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LITTLE v. MOON (2019)

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United States Court of Appeals, Seventh Circuit.

Antuan Valentino LITTLE, Plaintiff-Appellant, v. T. MOON and Sgt. Tritt,1 Defendants-Appellees.

No. 18-2813

Decided: May 02, 2019

Before FRANK H. EASTERBROOK, Circuit Judge, ILANA DIAMOND ROVNER, Circuit Judge, AMY J. ST. EVE, Circuit Judge Antuan V. Little, Pro Se


Two officials at a Wisconsin prison allegedly destroyed Antuan Little’s photographs of his mother, so he has sued them for violating the Eighth Amendment through their deliberate indifference to his mental health. The district court dismissed his complaint at screening, see 28 U.S.C. § 1915A, explaining that he failed to state a claim. That reasoning is correct, so we affirm the dismissal.

We review the dismissal de novo, taking the allegations of Little’s last-filed complaint as true. See Perez v. Fenoglio, 792 F.3d 768, 776 (7th Cir. 2015). During Little’s transfer to Waupun Correctional Institution, staff determined that he had brought more photographs with him than the prison permitted. They confiscated the excess and advised Little that he could either send the extra photos home, destroy them, or file an internal complaint to contest their decision to confiscate. Little complained to “T. Moon” (an inmate complaint examiner) that some photographs attributed to him were not his, and he wished to exchange them for his “family photographs” that had been confiscated. Moon recommended that the prison dismiss Little’s complaint, and he told Little to “notify the property department of his chosen method of disposal after his appeal or as soon as possible if not appealing.” Little appealed, but while his appeal was pending, his photographs were destroyed by, he claims, Moon and “Sgt. Tritt.” They were photos of his recently deceased mother.

Little sued Moon and Sgt. Tritt, asserting that the destruction caused him mental anguish in violation of the Eighth Amendment. (He also alleged that the destruction deprived him of property without due process. But the court dismissed that claim at screening because Little had a post-deprivation remedy in state court, and Little does not contest that decision.) The court dismissed the Eighth Amendment claim, explaining that Little had not alleged whether Moon and Tritt “knew that the photos were pictures of the plaintiff’s mother,” “that she had passed away,” and that “losing the photos would cause the plaintiff significant emotional harm.” Allowing him a chance to cure these defects, the court gave Little leave to amend his complaint. The amended complaint adds that “with evil or malicious intent” the defendants destroyed the photos, knowing that they were pictures of his beloved, deceased mother. The court dismissed Little’s amended complaint for failure to state a claim, observing that Little had still failed to allege that Moon and Tritt “knew that destroying the photographs would inflict deep pain on the plaintiff.”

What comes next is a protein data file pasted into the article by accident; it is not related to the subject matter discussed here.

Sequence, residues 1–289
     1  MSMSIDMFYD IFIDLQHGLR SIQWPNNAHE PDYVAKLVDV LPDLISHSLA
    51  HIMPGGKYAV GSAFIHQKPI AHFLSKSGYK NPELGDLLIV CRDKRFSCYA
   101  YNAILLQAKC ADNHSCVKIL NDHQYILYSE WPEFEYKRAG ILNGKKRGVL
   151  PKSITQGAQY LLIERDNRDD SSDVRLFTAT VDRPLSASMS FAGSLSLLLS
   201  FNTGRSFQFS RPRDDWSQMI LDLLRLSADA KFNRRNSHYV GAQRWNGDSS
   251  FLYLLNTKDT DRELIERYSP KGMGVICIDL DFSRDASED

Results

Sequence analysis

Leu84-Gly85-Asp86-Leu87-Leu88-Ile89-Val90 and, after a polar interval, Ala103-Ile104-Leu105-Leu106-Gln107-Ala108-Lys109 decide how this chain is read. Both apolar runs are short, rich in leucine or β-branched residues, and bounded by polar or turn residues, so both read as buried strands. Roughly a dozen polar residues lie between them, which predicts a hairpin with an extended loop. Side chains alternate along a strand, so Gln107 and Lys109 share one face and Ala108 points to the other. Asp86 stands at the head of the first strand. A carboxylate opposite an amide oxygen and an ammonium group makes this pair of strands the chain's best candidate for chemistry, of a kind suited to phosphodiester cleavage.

Little contends that the district court wrongly concluded that he failed to state a claim. To state an Eighth Amendment violation, Little needed to allege that the defendants inflicted serious harm on him and that they did so intentionally or with deliberate indifference to the substantial risk of serious harm. Farmer v. Brennan, 511 U.S. 825, 834, 114 S.Ct. 1970, 128 L.Ed.2d 811 (1994). The Prison Litigation Reform Act precludes an inmate from recovering compensatory damages for mental injury—the only injury that Little alleges—if the inmate does not also have a physical injury—which Little does not allege. See 42 U.S.C. § 1997e(e). Little seeks to avoid this bar by asking for only nominal and punitive damages. See Calhoun v. DeTella, 319 F.3d 936, 940-43 (7th Cir. 2003).

Even so, Little’s claim is doomed for two reasons. First, he did not allege that Moon and Tritt knew of, or recklessly ignored, a substantial risk that by destroying the photographs they would seriously devastate Little’s mental health. See Farmer, 511 U.S. at 837, 114 S.Ct. 1970; Rice v. Corr. Med. Servs., 675 F.3d 650, 665 (7th Cir. 2012). The absence of a culpable state of mind regarding the inflicted injury is fatal to the complaint. See Duckworth v. Ahmad, 532 F.3d 675, 680 (7th Cir. 2008). Second, Little failed to make this allegation despite a direction from the judge that he allege (if it were true) this culpable state of mind. Under Federal Rule of Civil Procedure 12(e), a district judge may ask a plaintiff “to lay out details that enable the defendants to respond intelligently and the court to handle the litigation effectively.” Chapman v. Yellow Cab Coop., 875 F.3d 846, 849 (7th Cir. 2017). But if a plaintiff does not comply with a reasonable order for details under Rule 12(e), a district court may dismiss the complaint with prejudice. Id.

The district court dismissed Little’s complaint under 28 U.S.C. § 1915A(b)(1), so he has accrued a strike on appeal, Flynn v. Thatcher, 819 F.3d 990, 992 (7th Cir. 2016).


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